Internet of Things deployments at a public and enterprise level will also significantly outpace regulatory items in the near term. This fact accelerates the need for policy making around legislation and industry guidelines.
Take the self-driving car, for example. The technology to manufacture and deploy self-driving cars exists today, but some fundamental questions must be answered before they hit the roads. Who is liable for an accident? The driver, the car manufacturer or the company that wrote the software? How will this change requisite insurance coverage? There are a tremendous number of stakeholders involved, many of whom do not have aligned priorities. These are issues we need to be negotiating in earnest today.
Another hurdle on the way to a truly connected world is that there will be no global standard for IoT — the technologies involved are simply too broad. Policy makers and organizations pushing toward some semblance of standardization will need to narrow their focus to certain categories or specific industry verticals. For example, while creating standards around smart grids is no easy feat, it is more manageable than doing the same for all connected devices.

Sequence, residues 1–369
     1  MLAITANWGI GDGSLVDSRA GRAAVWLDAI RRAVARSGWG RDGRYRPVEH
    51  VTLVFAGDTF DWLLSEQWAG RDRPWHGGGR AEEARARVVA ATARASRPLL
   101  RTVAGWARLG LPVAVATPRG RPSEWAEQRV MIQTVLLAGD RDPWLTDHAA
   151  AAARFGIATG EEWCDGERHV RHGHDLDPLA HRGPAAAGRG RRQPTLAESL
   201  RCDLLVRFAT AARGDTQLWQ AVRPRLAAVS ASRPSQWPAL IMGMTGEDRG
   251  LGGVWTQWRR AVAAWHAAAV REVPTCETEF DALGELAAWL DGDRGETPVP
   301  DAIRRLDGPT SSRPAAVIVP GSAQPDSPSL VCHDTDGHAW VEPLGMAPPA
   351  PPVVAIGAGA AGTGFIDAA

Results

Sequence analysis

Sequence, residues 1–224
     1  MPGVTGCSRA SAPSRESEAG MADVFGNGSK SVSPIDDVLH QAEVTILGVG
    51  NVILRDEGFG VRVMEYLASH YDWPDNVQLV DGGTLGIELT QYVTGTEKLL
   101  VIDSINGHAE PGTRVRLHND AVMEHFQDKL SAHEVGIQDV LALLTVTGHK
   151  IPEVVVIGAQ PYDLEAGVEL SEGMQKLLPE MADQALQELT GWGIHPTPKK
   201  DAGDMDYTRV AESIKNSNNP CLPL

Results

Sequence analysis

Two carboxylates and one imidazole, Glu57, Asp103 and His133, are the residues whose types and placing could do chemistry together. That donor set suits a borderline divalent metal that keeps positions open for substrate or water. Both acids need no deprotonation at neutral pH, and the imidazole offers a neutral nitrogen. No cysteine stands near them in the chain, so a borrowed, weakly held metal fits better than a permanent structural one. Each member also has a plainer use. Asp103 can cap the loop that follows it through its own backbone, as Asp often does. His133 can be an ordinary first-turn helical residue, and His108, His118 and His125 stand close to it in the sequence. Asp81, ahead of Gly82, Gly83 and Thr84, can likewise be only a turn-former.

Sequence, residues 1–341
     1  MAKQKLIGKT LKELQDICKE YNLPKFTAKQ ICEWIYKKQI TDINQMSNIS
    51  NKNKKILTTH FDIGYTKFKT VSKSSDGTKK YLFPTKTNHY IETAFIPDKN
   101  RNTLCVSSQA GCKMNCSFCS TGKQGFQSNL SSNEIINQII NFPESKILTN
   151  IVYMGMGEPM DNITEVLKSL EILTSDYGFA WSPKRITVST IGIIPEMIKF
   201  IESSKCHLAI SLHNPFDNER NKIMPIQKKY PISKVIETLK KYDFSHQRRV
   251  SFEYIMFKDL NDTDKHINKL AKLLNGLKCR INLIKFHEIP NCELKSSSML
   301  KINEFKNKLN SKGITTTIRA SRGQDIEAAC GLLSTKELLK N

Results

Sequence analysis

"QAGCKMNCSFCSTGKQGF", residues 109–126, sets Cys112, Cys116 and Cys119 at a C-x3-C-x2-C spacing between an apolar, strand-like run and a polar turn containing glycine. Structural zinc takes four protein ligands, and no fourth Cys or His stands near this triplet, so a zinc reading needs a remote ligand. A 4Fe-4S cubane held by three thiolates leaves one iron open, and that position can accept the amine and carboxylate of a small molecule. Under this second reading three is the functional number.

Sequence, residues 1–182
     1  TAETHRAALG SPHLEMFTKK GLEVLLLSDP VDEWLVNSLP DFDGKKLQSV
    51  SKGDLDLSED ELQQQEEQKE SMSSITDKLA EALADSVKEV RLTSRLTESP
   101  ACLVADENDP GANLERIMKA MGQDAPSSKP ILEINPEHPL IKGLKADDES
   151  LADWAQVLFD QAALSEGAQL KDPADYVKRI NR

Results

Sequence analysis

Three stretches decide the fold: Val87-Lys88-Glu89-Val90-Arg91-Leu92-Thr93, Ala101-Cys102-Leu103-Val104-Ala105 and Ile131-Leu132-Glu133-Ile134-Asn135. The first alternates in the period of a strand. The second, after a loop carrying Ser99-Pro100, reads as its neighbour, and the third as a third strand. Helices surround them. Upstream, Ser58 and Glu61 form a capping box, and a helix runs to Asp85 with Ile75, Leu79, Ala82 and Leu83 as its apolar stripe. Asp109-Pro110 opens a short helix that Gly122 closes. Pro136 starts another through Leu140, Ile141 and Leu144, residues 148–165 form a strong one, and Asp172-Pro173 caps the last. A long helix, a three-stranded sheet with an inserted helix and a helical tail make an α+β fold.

Policy makers must prioritize removing the gray areas around rights and ownership to better define the protections afforded to those trusting their data to the cloud.
The Internet of Things is also set to challenge and complicate the network infrastructure that will power tomorrow’s cities. A failure of machine-to-machine communications within smart-city ecosystems could have disastrous consequences if it leads to failure of electric grids, transport systems and health care technology. Policy makers need to start thinking about IoT traffic differently from traditional traffic. Data must be tiered and prioritized based on whether it is critical (health care) or non-critical (streaming video).